said Wednesday it likely will sell its shares in
if its tender offer for the software fails Thursday.
The hedge fund warned shareholders in an open letter that the company may return to "business as usual" once Harbinger is out of the picture.
Harbinger made its last-minute plea for investors
to tender their holdings of the software company at $8.30 per share before the June 21 deadline.
"If stockholders do not tender sufficient shares and the board does not permit the tender to close, we will likely sell our shares in the company due to our lack of confidence in the current board," Harbinger said.
The stock closed up 10 cents, or 1.5%, to $6.92 on Wednesday.
Openwave CEO Robert Vrij made his case in a letter filed Tuesday, explaining "why Openwave's standalone plan is a stronger alternative to the Harbinger proposal for employees and shareholders alike."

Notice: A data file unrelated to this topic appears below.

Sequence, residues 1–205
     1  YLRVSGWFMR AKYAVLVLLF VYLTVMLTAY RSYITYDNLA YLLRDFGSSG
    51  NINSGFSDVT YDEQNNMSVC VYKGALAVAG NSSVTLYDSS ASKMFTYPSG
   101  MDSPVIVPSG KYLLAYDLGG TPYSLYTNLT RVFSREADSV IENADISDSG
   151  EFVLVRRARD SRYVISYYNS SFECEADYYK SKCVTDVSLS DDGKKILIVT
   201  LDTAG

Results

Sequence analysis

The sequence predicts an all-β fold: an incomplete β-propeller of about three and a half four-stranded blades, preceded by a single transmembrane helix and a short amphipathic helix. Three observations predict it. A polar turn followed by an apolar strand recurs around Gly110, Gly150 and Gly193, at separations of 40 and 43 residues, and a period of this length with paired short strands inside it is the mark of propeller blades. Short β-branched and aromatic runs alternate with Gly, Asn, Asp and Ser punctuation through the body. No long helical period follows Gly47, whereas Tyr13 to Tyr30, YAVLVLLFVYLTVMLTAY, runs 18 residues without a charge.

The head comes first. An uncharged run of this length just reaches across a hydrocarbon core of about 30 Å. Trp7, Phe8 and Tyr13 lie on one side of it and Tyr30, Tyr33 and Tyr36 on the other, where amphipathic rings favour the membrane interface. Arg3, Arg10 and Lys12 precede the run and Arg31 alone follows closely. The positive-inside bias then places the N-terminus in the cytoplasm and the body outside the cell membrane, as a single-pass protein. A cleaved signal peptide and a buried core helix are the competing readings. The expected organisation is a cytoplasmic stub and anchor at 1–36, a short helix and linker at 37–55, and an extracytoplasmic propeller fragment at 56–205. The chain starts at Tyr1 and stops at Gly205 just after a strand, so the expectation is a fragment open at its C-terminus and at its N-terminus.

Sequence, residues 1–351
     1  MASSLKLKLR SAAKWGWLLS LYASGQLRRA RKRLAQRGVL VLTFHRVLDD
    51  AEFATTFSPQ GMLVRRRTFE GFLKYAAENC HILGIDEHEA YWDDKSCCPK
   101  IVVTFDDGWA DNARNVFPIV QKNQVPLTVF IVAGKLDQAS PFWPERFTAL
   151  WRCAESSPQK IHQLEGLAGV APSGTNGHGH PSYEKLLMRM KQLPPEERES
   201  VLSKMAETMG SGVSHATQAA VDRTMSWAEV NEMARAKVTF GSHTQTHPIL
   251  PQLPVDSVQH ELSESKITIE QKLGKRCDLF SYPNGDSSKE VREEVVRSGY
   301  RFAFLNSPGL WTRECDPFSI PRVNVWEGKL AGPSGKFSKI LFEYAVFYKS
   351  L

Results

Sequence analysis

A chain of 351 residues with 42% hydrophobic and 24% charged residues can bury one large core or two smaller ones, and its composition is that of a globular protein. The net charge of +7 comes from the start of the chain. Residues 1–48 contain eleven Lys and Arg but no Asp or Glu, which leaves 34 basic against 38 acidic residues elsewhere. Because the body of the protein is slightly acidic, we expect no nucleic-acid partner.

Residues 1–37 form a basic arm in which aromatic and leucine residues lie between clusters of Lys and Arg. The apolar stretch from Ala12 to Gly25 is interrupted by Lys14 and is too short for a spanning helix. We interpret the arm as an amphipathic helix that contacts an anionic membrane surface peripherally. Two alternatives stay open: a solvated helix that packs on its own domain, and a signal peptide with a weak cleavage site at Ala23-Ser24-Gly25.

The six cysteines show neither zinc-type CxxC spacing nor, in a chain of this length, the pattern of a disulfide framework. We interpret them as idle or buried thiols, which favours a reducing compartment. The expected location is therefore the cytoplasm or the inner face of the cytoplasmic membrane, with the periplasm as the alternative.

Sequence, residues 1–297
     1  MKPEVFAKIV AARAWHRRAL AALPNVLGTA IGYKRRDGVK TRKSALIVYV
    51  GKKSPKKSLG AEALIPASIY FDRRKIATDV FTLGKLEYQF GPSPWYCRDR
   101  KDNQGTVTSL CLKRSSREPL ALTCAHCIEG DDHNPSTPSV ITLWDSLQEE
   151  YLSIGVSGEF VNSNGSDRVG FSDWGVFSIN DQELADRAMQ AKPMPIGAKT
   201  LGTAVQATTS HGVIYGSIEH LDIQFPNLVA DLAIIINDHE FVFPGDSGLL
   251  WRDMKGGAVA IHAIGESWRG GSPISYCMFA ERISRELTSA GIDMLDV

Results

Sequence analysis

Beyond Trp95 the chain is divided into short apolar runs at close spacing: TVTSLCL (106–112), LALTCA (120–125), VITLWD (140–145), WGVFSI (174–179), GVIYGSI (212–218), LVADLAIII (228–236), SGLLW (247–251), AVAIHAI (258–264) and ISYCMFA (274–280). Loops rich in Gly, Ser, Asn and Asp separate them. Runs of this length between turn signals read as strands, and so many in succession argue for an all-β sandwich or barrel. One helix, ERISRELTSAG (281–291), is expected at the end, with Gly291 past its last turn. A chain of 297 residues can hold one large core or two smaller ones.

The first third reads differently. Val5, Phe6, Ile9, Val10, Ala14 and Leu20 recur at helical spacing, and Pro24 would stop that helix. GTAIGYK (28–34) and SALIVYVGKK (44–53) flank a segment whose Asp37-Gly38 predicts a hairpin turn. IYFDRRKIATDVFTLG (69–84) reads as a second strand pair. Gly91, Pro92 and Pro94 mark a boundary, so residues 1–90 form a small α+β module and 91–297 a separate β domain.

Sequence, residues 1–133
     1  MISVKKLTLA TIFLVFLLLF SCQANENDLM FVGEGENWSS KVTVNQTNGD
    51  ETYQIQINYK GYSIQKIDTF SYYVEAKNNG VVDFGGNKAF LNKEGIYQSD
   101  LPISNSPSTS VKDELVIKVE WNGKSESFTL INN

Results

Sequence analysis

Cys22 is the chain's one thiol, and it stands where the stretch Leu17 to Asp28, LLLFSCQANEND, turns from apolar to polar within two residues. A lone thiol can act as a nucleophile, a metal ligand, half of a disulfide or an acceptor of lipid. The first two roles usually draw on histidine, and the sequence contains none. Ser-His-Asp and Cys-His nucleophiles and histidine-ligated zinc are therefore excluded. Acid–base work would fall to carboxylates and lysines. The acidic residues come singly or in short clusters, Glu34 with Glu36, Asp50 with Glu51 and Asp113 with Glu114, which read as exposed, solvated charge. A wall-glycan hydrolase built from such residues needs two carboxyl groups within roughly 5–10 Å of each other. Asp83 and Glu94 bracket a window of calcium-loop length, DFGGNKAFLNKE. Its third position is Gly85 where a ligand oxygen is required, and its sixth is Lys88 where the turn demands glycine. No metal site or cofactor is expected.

"Our plan allows for the customer to receive the benefit of a synergistic multi-product solution," Vrij stated. Harbinger's plan "appears to be focused on messaging and divesting most or all other Openwave lines of business," leaving the company exposed to commoditization.
"I believe the Harbinger plan undervalues our ability to bundle multiple products
and our cross portfolio integration capability," among other factors, Vrij said.
Harbinger said Wednesday that it has never said it intends to sell all other business lines and would not do so.